Over the last couple of weeks I have been frantically trying to catch up with processing my recent photos of Malta. This weekend, which was a relatively quiet one, it finally felt like I’m making progress. Earlier this month, when a friend of ours from the UK was visiting Malta, we went to see the sunset at one of my favourite places: just by the coastal tower at Għajn Tuffieħa. Built in 1637 during the time of Grand Master Lascaris, this sits on top of a sea cliff between two sand beaches popular with swimmers.

We chose to go there because it’s a good year-round place to watch the sunset, and because access is really easy. We also had some photography in mind, and this particular location gives a number of options. If we were not particularly excited by what we saw, we could always head further north to Il-Majjistral, but that would involve a short trek (on uneven ground) for the best viewpoints.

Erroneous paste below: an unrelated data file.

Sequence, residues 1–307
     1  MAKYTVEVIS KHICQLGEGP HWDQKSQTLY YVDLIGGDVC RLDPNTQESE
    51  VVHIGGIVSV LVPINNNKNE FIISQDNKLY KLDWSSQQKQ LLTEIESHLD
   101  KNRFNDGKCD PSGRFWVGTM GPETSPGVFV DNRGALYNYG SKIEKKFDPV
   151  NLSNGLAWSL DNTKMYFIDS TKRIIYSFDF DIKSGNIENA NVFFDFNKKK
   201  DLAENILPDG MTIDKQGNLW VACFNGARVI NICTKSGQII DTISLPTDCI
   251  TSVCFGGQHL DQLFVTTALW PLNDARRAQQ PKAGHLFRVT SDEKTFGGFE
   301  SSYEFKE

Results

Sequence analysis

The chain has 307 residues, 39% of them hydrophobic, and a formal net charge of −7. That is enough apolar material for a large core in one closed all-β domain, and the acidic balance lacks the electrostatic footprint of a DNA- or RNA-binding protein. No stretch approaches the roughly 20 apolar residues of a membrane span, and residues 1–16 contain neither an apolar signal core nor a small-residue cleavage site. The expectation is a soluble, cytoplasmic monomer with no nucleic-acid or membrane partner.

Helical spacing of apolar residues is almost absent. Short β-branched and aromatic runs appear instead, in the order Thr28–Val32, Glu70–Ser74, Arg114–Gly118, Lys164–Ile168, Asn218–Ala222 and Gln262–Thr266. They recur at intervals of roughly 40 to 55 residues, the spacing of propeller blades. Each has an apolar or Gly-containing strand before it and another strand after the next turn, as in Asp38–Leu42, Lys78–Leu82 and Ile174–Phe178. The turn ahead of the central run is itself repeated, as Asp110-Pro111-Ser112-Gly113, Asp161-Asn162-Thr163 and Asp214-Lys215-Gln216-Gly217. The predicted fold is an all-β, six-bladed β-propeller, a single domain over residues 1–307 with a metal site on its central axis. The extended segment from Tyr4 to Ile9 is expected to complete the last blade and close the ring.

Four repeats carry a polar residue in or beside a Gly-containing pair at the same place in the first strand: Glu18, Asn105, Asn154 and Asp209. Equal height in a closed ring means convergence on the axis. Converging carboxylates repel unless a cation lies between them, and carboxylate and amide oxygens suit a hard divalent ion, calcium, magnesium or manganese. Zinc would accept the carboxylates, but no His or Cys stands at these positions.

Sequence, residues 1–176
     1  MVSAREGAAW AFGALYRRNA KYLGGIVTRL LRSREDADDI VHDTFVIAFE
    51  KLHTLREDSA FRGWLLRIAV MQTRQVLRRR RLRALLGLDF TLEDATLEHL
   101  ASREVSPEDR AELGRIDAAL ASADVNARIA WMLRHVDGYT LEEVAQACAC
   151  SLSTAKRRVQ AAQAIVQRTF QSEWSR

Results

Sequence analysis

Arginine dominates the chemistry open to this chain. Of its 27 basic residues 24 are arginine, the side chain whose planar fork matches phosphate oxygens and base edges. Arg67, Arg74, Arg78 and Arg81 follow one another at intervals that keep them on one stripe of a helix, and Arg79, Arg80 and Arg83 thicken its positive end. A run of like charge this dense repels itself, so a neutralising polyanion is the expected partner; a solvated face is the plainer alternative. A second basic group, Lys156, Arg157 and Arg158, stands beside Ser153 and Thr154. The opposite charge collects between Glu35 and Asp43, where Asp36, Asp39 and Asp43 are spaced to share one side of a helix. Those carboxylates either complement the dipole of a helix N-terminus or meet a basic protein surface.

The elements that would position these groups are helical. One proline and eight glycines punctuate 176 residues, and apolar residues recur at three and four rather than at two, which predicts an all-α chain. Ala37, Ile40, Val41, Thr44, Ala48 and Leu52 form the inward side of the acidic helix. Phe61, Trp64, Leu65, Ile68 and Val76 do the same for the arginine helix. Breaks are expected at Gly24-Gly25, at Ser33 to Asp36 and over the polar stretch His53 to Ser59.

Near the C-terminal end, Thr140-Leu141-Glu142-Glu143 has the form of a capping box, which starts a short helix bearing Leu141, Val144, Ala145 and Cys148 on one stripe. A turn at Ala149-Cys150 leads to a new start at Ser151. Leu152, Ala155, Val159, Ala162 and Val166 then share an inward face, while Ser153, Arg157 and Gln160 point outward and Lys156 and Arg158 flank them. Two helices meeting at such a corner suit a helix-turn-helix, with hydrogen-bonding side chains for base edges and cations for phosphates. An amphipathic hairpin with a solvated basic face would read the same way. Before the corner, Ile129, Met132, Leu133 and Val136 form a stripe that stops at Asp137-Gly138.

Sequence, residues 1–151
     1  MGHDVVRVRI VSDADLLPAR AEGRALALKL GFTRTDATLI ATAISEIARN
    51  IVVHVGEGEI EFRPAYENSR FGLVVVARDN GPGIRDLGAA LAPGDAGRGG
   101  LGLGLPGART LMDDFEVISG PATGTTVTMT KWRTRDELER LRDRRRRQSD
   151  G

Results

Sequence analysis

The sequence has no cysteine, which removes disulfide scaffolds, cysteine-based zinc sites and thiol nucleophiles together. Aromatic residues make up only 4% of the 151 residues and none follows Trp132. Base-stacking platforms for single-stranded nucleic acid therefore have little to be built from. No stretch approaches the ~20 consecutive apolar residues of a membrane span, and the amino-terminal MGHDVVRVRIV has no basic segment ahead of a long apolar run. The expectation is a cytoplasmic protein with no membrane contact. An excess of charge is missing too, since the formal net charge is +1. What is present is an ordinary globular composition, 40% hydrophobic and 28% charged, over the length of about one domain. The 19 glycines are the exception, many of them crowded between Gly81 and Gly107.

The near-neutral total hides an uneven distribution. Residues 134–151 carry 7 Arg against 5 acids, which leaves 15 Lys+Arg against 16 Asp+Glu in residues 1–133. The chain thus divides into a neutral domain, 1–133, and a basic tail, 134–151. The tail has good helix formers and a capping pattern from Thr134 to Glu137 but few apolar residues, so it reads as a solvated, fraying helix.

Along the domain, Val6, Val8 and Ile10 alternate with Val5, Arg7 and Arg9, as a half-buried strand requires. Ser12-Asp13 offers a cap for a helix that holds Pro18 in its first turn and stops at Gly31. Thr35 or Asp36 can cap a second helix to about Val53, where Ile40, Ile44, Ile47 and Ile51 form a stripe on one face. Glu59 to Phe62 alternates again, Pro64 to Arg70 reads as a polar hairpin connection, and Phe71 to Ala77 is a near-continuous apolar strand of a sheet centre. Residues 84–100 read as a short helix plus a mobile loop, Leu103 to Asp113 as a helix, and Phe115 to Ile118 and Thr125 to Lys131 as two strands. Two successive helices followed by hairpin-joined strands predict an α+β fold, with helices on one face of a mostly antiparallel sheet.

Anyway, here I set up with a particular view I had in mind, and patiently waited. There was a photographer taking some pre-wedding photos (or so it seemed) of a couple, and they were in frame for a long time. Shortly before sunset they left, which suited us fine. I was initially hoping for some direct light, but the sun was obscured by low-lying clouds at the horizon: not a rare occurrence. I set up for some longer exposures to still the water and make the most of the soft directional light. Lately I’ve been finding it easier and more fulfilling to shoot under these conditions. Sure, the photo won’t look great straight out of camera, but then that’s the whole point of post-processing. And the less contrasty the original shot, the easier it is to work with.